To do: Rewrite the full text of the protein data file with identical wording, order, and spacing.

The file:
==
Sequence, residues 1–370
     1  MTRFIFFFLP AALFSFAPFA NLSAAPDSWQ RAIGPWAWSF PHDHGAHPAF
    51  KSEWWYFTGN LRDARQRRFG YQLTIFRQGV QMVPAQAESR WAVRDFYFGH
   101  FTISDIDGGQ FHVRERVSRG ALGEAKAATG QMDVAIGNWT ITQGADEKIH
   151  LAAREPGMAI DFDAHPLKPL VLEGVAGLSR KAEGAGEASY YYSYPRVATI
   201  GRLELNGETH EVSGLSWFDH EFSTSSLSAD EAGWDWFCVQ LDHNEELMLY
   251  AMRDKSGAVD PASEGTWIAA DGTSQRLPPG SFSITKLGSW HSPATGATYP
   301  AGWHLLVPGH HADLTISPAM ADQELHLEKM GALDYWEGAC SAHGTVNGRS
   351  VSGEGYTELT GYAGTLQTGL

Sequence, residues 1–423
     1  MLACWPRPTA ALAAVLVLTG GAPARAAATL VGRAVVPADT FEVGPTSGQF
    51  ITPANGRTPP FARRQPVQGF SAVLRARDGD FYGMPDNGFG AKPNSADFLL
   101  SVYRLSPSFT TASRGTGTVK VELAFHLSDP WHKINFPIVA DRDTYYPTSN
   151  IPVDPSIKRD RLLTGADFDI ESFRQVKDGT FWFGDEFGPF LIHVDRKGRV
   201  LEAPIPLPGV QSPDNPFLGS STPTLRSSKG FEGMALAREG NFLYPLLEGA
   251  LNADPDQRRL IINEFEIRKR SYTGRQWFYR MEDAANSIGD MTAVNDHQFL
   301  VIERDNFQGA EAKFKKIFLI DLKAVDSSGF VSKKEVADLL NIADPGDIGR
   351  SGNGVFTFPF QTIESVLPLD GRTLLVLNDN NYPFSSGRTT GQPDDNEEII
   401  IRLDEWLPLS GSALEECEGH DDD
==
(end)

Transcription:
Sequence, residues 1–370
     1  MTRFIFFFLP AALFSFAPFA NLSAAPDSWQ RAIGPWAWSF PHDHGAHPAF
    51  KSEWWYFTGN LRDARQRRFG YQLTIFRQGV QMVPAQAESR WAVRDFYFGH
   101  FTISDIDGGQ FHVRERVSRG ALGEAKAATG QMDVAIGNWT ITQGADEKIH
   151  LAAREPGMAI DFDAHPLKPL VLEGVAGLSR KAEGAGEASY YYSYPRVATI
   201  GRLELNGETH EVSGLSWFDH EFSTSSLSAD EAGWDWFCVQ LDHNEELMLY
   251  AMRDKSGAVD PASEGTWIAA DGTSQRLPPG SFSITKLGSW HSPATGATYP
   301  AGWHLLVPGH HADLTISPAM ADQELHLEKM GALDYWEGAC SAHGTVNGRS
   351  VSGEGYTELT GYAGTLQTGL

Sequence, residues 1–423
     1  MLACWPRPTA ALAAVLVLTG GAPARAAATL VGRAVVPADT FEVGPTSGQF
    51  ITPANGRTPP FARRQPVQGF SAVLRARDGD FYGMPDNGFG AKPNSADFLL
   101  SVYRLSPSFT TASRGTGTVK VELAFHLSDP WHKINFPIVA DRDTYYPTSN
   151  IPVDPSIKRD RLLTGADFDI ESFRQVKDGT FWFGDEFGPF LIHVDRKGRV
   201  LEAPIPLPGV QSPDNPFLGS STPTLRSSKG FEGMALAREG NFLYPLLEGA
   251  LNADPDQRRL IINEFEIRKR SYTGRQWFYR MEDAANSIGD MTAVNDHQFL
   301  VIERDNFQGA EAKFKKIFLI DLKAVDSSGF VSKKEVADLL NIADPGDIGR
   351  SGNGVFTFPF QTIESVLPLD GRTLLVLNDN NYPFSSGRTT GQPDDNEEII
   401  IRLDEWLPLS GSALEECEGH DDD